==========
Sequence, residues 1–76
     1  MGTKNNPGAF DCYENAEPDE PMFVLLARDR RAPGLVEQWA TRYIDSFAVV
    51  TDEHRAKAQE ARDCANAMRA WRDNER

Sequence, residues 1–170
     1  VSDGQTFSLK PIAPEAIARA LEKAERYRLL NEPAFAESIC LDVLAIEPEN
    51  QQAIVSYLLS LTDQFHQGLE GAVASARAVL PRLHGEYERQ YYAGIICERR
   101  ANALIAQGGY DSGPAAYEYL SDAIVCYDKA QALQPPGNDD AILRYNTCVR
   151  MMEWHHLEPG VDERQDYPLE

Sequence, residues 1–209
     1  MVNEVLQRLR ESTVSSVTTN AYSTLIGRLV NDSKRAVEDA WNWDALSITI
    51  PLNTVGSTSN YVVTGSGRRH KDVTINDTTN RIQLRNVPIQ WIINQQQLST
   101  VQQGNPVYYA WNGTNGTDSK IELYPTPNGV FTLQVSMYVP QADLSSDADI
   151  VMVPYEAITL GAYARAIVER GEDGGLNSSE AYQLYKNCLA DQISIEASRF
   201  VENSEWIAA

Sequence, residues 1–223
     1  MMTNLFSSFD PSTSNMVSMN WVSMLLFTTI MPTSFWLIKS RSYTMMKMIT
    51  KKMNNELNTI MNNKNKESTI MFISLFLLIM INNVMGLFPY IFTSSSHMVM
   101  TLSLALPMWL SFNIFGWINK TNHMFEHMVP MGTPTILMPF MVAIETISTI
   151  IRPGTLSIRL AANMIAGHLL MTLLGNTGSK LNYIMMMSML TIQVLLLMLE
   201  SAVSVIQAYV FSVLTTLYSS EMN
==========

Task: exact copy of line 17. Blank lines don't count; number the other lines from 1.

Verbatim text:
    51  KKMNNELNTI MNNKNKESTI MFISLFLLIM INNVMGLFPY IFTSSSHMVM